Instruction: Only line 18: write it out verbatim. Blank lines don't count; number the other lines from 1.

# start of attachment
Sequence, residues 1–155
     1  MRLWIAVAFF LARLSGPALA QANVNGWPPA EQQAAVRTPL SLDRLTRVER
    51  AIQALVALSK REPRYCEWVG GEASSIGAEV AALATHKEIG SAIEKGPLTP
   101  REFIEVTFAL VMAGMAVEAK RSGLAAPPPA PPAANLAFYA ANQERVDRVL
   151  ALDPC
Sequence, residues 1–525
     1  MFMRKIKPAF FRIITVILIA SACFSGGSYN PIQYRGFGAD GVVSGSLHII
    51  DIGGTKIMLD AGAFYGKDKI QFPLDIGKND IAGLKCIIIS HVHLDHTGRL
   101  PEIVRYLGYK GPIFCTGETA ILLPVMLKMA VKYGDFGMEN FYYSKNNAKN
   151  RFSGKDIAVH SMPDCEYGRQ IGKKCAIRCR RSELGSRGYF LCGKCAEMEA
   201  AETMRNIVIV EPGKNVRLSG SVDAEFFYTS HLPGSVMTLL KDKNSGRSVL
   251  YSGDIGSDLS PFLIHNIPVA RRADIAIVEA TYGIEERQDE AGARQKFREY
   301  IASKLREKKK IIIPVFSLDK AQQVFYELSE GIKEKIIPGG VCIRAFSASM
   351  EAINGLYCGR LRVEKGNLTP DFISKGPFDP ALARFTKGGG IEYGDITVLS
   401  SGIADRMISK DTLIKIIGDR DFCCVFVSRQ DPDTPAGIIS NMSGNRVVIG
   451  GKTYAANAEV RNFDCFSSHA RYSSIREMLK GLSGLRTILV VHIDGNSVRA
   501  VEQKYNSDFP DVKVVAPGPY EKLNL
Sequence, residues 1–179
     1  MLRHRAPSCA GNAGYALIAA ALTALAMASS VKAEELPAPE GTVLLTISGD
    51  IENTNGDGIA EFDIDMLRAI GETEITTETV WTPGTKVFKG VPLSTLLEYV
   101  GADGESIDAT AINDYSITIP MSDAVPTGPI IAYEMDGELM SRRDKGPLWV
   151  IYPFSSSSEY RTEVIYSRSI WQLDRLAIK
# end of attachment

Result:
Sequence, residues 1–179